The data show that only one-third of patients with depressive symptoms or depression received benefit from antidepressant therapy, chiefly from desipramine, nortriptyline and fluoxetine. Over 60% of patients experienced unacceptable ADRs from antidepressant therapy. It should be noted, however, that the average drug doses used in this study are somewhat higher than those recommended by Small and Salzman. It is possible that reduced dosages would have reduced ADRs and maintained efficacy -- and this leads to some final reflections:

Depressive symptoms and depression in nursing homes suggest a need for:

1. Increased awareness of its prevalence, recognition of co-morbid states, alertness to contributing drugs, and increased use of self- or professional-assessment scales;

2. Pharmacotherapy should be prescribed only after eliminating possible contributions by drugs and disease -- and when prescribing, go low and slow; do not attempt to achieve targeted "therapeutic" serum levels, as per a lab slip!

3. Assess outcomes that improve quality of life with minimal adverse drug affects (e.g. more socialization, improved mood and sleep patterns, less time in bed, better ADL ratings).

4. Wait long enough -- at least 6 weeks -- before assuming that an antidepressant has not had an effect.

5. Remember the importance of the elixir of time and TLC (tender loving care!). Regular visits by family may be most important healing factor of all.


Depressive Symptoms in the Elderly

depressed mood ________ worthless feelings/guilt ________ anhedonia and apathy __________& weight loss AND malnutrition __________& insomnia OR excessive lethargy __________or psychomotor agitation OR retardation _________or fatigue _____________difficulty thinking ______________ suicidal or death thoughts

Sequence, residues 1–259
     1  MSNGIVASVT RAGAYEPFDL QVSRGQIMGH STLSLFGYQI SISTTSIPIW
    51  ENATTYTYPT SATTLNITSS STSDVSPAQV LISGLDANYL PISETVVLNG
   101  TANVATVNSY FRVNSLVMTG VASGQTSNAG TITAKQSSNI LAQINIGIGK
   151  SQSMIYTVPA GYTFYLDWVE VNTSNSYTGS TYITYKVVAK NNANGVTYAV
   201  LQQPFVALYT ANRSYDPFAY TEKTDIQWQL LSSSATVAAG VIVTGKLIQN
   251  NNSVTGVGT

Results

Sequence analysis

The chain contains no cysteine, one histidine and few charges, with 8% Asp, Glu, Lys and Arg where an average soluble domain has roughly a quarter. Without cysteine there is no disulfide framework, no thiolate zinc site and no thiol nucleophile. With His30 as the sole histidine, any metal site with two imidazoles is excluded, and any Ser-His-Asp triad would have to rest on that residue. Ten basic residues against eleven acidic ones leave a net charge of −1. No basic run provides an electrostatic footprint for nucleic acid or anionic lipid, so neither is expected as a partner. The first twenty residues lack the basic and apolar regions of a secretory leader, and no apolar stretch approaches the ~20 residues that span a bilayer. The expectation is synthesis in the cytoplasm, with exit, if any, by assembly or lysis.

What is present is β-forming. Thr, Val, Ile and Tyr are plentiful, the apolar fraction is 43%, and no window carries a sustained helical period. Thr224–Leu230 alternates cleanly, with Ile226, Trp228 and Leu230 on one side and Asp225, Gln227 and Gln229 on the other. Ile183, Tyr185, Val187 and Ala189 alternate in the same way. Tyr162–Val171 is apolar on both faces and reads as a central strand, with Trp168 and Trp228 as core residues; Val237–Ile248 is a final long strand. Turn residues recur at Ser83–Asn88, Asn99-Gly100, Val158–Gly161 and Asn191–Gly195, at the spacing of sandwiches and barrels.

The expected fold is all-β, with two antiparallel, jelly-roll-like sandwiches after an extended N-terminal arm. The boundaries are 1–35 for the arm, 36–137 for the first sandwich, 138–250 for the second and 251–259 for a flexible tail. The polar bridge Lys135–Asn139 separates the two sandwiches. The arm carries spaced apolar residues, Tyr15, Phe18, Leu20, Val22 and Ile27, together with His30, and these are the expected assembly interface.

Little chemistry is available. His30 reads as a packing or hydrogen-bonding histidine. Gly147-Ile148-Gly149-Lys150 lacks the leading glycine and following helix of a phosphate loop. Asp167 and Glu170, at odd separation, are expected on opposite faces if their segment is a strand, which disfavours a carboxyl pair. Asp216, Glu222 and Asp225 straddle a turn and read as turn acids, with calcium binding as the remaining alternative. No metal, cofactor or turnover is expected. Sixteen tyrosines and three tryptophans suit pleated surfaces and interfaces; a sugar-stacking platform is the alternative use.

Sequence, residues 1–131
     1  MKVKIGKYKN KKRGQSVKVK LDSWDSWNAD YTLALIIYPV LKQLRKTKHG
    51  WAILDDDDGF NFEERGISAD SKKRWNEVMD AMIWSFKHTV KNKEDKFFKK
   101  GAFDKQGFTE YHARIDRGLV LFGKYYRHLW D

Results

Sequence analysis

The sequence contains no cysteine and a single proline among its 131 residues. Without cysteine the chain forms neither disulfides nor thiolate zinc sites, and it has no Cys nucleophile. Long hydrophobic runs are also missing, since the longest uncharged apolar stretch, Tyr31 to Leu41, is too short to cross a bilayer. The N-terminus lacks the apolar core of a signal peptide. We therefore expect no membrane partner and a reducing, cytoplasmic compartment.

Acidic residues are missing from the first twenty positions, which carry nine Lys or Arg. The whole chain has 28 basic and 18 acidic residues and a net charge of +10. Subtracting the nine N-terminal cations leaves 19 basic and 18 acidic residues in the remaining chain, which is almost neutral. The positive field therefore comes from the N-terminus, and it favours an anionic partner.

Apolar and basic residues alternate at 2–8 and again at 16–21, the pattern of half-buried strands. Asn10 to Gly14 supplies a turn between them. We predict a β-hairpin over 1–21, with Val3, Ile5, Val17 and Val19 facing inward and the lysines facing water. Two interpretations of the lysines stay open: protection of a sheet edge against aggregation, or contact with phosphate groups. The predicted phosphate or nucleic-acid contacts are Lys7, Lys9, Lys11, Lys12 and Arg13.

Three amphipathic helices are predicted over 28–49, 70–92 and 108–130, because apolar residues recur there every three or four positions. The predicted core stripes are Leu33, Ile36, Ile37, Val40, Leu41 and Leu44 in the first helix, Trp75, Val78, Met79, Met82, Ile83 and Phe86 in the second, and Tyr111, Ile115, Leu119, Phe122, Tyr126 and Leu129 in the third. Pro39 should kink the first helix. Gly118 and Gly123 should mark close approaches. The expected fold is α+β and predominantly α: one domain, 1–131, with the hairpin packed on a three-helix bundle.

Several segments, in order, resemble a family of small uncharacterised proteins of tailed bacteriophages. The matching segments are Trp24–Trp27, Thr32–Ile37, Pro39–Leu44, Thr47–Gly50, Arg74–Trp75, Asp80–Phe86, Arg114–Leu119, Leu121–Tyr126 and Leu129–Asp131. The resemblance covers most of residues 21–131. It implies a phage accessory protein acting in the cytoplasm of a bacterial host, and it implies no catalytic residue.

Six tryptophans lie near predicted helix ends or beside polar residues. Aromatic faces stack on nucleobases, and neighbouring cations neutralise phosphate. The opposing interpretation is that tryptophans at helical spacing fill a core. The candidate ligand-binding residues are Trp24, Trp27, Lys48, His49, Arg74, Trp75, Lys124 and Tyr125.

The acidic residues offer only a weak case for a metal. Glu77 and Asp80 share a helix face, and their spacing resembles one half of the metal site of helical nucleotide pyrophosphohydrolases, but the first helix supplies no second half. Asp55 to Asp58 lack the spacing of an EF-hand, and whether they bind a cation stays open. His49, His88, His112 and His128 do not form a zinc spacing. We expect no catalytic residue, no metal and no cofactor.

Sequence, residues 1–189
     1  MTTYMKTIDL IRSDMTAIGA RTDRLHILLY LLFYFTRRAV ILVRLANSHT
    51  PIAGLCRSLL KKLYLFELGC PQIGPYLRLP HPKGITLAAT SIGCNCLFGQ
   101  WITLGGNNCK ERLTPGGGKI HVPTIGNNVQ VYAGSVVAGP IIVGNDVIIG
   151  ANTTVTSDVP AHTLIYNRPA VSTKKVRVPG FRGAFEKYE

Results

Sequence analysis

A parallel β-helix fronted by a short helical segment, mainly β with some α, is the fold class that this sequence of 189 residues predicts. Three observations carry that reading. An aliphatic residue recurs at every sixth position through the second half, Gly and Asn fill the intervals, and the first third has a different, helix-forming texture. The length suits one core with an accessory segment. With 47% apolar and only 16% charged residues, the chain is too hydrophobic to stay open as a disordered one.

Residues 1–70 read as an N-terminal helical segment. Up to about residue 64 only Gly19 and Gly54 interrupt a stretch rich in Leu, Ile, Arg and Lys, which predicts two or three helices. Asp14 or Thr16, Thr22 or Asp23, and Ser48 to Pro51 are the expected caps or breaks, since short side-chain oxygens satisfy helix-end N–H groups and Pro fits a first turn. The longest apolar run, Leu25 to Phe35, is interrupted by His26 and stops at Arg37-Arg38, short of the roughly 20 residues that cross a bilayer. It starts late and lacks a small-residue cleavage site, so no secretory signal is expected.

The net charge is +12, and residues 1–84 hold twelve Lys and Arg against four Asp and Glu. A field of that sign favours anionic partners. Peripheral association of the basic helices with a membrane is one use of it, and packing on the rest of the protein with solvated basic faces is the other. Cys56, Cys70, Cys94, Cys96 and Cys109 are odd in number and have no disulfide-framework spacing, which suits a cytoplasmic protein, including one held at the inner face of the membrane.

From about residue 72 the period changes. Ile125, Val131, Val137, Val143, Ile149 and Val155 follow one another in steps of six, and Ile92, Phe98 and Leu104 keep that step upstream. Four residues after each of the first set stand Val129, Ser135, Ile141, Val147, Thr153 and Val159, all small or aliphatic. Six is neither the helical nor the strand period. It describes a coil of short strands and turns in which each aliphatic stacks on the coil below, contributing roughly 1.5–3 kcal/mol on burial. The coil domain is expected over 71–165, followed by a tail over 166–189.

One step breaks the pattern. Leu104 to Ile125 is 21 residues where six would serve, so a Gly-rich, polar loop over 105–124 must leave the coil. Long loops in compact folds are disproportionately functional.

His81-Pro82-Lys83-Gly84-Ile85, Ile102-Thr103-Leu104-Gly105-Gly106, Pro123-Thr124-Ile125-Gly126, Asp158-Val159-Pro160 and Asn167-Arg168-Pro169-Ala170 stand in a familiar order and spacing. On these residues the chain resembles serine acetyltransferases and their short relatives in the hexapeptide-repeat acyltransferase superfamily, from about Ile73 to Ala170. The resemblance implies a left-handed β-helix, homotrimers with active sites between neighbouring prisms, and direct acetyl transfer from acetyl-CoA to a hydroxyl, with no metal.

Adapted from Blazer, D., New Engl. J. Med. 1989;320:164-166.


Therapeutic Endpoints to Assess Antidepressant Efficacy and Improved Quality of Life (see table 1 for Efficacy Ratings)

-----Improved Socialization -----Improved Ability to Perform Activities of Daily Living -----Improved Affect and Lessened Depressive Symptoms

(JW Cooper, in prep)


Unacceptable Adverse Drug Reactions (ADRs)

-----Oversedation -----Urinary Retention -----Blurred Vision -----Increased Agitation -----Falls and Fractures

(JW Cooper, in prep)

James W. Cooper, Pharm. PhD, is Professor and Assistant Dean at the University of Georgia College of Pharmacy, Athens, GA.
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Title Annotation:Nursing Care
Author:Cooper, James W.
Publication:Nursing Homes
Date:Mar 1, 1993